A No-Frills introduction to Session Systems and Efficient Management of Data

I have seen a lot of people getting confused on how to efficiently manage and save data, so I thought I’d go over the theory and basics behind it.
I am by no means an expert, so take this with a grain of salt.
Feel free to correct or improve any of my points!

So, What is a Session System?
We’ll trim over the basics first.

A session usually refers to limited communication time between a client and the server.
For instance, having a temporary table of the player’s data when they’re in the game.
Whenever a player leaves, the connection gets cut off, and thus the session ends.

Visualized in code, it would look like this (my usage of semi-colons is just a preference, please don’t mind it);

local Players = game:GetService'Players';
local sessionData = {};

    --// Player joined, create a new session!
    sessionData[Player.UserId] = {};
    --// Player left, remove the player's session.
    sessionData[Player.UserId] = nil;

Now, how can this be useful?
Well, data stores have a max upload limit (not to mention it’s yield).
This means that updating the data store directly each time a player does anything would result in an instant clogging of the data store.

The concept of data stores is simple - update a player’s value in our temporary session data table!
Tables obviously wouldn’t over-clog anything, and they’re very efficient!

The concept of session systems is very simple, and it’s point is to reduce clogging to a minimum.
You would only have to use the data store twice - getting the player’s data when they join, and saving the player’s data when they leave.

Visualized, it would look like this;

local Players = game:GetService'Players';
local dataStoreService = game:GetService'DataStoreService';
local exampleStore = dataStoreService:GetDataStore'Example Store';
local sessionData = {};

    --[[If the player has no saved data in 
    the data store (new player for example),
    then just set it to an empty table.
    sessionData[Player.UserId] = exampleStore:GetAsync(Player.UserId) or {};
    --[[Player is leaving. Save their data
    to the session data they had in the game.
    sessionData[Player.UserId] = nil;

--// Changing some value would look like this!
sessionData[Player.UserId].Coins = 1000;

And it is as simple as that.
Simplified - you can use a temporary data table to update a player’s stats, and when a player leaves, simply set the player’s data store data as that table.

Side-note: please don’t forget to use game.BindToClose, saving every player’s data when a server is about to close. Otherwise when a server closes, this can cause huge problems!

side-side note: if you know what I based my title off of, bonus points to you :slight_smile:

2021 update:

Alright, so after having this being bumped, I’d heavily recommend to just use ProfileService. Insanely useful module which implements session locking I talked about! This tutorial is still of some use if you want to understand a bit about data structure :smiley:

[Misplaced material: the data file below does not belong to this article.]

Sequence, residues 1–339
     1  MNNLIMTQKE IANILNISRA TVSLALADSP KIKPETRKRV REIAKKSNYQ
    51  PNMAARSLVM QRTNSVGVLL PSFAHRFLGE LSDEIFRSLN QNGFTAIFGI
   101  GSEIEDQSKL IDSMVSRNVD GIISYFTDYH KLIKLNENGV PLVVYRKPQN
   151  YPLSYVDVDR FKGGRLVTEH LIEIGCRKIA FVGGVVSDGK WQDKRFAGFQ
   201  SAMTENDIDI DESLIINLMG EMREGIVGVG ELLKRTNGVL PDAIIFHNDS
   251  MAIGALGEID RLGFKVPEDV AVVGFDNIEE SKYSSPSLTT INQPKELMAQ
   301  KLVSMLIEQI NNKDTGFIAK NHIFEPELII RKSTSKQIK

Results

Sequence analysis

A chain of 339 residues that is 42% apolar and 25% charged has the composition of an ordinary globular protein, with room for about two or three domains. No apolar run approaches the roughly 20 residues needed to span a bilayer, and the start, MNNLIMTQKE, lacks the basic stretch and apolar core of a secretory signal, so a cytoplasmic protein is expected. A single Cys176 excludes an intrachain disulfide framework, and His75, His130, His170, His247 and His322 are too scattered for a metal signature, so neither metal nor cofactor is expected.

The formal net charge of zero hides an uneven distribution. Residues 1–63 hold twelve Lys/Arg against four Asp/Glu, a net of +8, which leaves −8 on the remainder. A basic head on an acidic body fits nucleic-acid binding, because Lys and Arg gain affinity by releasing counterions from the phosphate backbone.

P.S: The sesionData’s keys could be the Player Instances instead of the UserId. Doing this is equivalent to using UserIds due to Instances always having an exclusive hexadecimal memory address.

I prefer to use it over UserIds however UserIds are always a fine solution (especially over Names that could possibly change).


I actually created a module for this a month ago. It’s pretty much the same thing except I also combined this with ObjectValues. For bigger and more complex data(inventory, tables, etc.), I used tables and RemoteEvents/RemoteFunctions to manipulate it. But, for more simpler data(coins, currency, etc.), I used InstanceValues because of the :GetPropertyChangedSignal(property) event. There was no point in using a RemoteFunction and invoking the server to retrieve something like currency, so that’s why I did it. Overall, I guess you could call it a “Hybrid SessionData” module.

Even though I understand what you mean, I don’t think it’s good practice to use instances as keys, even if it works. When dealing with larger projects, modularity, and especially when it comes to testing; you want your code to be as “pure” (with as little side effects) as possible.

For example, in order to test your system for potential flaws, you’d need a player instance for getting the session data, while a user id would be much more safe and sufficient. And names as keys is a no-go :wink:


You could describe what this means? I have always used the Player instance to store data about them in a table, and I’ve never had any problems with it. This also means that when the player leaves, the table automatically garbage collects and you don’t need to set it to nil yourself.

I’m fairly certain this introduces problems when the server/client crashes, as the Player object could be deleted before a save can be performed (which would not happen if you just used UserIds).

While it is smart to use this, in some cases it could potentially cause trouble.
When saving data for example, you loop through the session table.
Data Stores don’t accept instances as the key, so you’d have to constantly grab each players UserId when saving it.
While you only have to add .UserId to the code, it’s still a cause.

When an Instance is destroyed, their references stay intact. Destroy only Parents the Instance to NULL, locks it’s Parent and removes all children.

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I’m new to all of this, where will this data save and how can I see it if possible?

This would be great if it could post each username that joins onto a trello, specifically for interview and training sessions.

sry to bump but it shows a 404 error